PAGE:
In deportation proceedings, aliens must be given "a reasonable opportunity ... to cross-examine witnesses presented by the government." 8 U.S.C. § 1252(b) (3). Denial of this statutory right may constitute a violation of the constitutional guarantee of due process if the prejudice to the alien is substantially great. Baires v. INS, 856 F.2d 89, 91 (9th Cir. 1988).
Mroczka has failed to show how cross-examination of the author of the BHRHA letter admitted during his hearing would have affected the outcome of the proceedings. Thus, his due process claim fails. See Diaz-Escobar, 782 F.2d at 1494; Garcia-Jaramillo v. INS, 604 F.2d 1236, 1239 (9th Cir. 1979), cert. denied, 449 U.S. 828 (1980).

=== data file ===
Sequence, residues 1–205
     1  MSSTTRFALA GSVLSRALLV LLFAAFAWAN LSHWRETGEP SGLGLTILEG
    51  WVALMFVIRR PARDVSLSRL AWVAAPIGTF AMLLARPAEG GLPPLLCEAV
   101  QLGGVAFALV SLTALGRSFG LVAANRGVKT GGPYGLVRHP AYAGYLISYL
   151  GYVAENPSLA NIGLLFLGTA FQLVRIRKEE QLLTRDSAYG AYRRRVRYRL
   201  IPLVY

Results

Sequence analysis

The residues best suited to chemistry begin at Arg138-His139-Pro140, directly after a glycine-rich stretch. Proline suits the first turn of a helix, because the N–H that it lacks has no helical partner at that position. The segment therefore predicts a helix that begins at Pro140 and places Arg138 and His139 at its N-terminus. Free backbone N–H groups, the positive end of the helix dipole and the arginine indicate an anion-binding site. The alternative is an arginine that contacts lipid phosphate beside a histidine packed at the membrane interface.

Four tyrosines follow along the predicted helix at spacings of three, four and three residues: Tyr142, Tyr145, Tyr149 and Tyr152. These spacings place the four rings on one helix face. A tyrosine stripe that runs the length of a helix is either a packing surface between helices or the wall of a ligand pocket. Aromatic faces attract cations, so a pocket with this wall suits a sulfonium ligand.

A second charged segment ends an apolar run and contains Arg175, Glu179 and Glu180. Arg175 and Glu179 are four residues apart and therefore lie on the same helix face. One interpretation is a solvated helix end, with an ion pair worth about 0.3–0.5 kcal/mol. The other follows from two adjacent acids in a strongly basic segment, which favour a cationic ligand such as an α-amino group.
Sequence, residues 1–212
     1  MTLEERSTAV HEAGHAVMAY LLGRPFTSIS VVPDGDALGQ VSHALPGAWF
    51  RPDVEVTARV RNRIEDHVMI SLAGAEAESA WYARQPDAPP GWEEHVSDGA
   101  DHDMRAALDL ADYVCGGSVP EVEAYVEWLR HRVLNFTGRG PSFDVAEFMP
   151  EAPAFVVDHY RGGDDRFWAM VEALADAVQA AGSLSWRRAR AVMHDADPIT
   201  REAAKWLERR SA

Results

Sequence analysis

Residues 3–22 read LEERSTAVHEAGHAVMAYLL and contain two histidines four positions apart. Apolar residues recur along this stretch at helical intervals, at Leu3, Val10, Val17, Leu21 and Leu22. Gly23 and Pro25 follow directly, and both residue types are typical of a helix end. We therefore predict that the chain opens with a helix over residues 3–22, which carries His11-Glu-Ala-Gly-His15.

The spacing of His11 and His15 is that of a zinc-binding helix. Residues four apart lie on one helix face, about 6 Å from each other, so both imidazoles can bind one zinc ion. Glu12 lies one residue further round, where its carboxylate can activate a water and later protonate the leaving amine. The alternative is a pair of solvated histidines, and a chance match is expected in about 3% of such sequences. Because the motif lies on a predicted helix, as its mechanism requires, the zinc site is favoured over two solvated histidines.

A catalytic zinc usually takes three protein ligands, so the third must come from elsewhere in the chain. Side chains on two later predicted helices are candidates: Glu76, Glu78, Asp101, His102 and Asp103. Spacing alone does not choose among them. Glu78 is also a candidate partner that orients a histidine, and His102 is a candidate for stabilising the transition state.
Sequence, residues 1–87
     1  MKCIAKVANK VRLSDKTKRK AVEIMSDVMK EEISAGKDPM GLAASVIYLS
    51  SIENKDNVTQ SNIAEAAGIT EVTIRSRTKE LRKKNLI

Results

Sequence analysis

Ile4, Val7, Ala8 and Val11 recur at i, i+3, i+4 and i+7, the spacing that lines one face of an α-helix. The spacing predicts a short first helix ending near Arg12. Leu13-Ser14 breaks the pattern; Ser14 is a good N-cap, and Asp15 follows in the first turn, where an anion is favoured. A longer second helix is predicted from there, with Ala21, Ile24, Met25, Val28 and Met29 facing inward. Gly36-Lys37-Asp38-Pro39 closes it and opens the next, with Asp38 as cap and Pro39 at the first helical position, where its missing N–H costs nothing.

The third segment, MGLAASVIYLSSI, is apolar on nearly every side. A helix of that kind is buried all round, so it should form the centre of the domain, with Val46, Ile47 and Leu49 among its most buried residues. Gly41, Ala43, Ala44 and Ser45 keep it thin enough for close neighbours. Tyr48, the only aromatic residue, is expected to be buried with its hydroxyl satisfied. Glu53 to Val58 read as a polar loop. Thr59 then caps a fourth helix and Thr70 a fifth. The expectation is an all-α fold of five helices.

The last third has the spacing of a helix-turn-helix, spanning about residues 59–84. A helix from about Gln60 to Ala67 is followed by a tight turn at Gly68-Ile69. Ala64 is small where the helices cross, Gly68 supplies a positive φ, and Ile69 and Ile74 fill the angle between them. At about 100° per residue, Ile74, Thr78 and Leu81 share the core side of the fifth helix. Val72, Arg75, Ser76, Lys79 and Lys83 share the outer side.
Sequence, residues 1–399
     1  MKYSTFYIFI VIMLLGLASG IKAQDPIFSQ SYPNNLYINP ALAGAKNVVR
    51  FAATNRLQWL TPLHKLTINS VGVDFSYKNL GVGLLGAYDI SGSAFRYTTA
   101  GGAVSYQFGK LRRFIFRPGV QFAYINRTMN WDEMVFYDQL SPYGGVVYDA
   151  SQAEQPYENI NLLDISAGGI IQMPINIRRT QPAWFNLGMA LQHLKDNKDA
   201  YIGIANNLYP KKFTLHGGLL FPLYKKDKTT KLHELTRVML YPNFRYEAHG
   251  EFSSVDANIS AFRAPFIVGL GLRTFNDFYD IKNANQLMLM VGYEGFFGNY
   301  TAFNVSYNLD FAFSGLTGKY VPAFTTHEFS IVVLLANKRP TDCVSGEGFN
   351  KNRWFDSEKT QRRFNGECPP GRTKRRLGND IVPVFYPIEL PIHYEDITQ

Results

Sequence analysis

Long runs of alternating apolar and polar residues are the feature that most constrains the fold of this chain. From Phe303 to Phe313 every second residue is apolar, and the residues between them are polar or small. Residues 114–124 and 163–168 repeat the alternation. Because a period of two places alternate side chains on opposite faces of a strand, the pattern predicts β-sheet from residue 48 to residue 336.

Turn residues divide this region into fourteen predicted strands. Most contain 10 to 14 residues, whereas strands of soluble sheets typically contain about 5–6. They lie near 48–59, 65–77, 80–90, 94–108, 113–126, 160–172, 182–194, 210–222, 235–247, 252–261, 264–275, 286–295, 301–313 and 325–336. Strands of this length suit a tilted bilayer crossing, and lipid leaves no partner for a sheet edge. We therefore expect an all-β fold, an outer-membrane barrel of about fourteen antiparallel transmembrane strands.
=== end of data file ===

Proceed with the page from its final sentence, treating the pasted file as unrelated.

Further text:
PETITION FOR REVIEW DENIED.
The panel unanimously finds this case suitable for decision without oral argument. Fed. R. App. P. 34(a); 9th Cir.R. 34-4
This disposition is not appropriate for publication and may not be cited to or by the courts of this circuit except as provided by 9th Cir.R. 36-3
Mroczka also refers to alleged errors committed by the IJ. Our review is limited to the decision of the BIA. See Acewicz, No. 91-70257, slip op. at 974. Nevertheless, to the extent the BIA addressed the arguments raised by Mroczka we will treat them as though they were directed at the BIA's decision
Accordingly, we reject Mroczka's contention that the BIA erred by relying on Kubon v. INS, 913 F.2d 386 (7th Cir. 1990)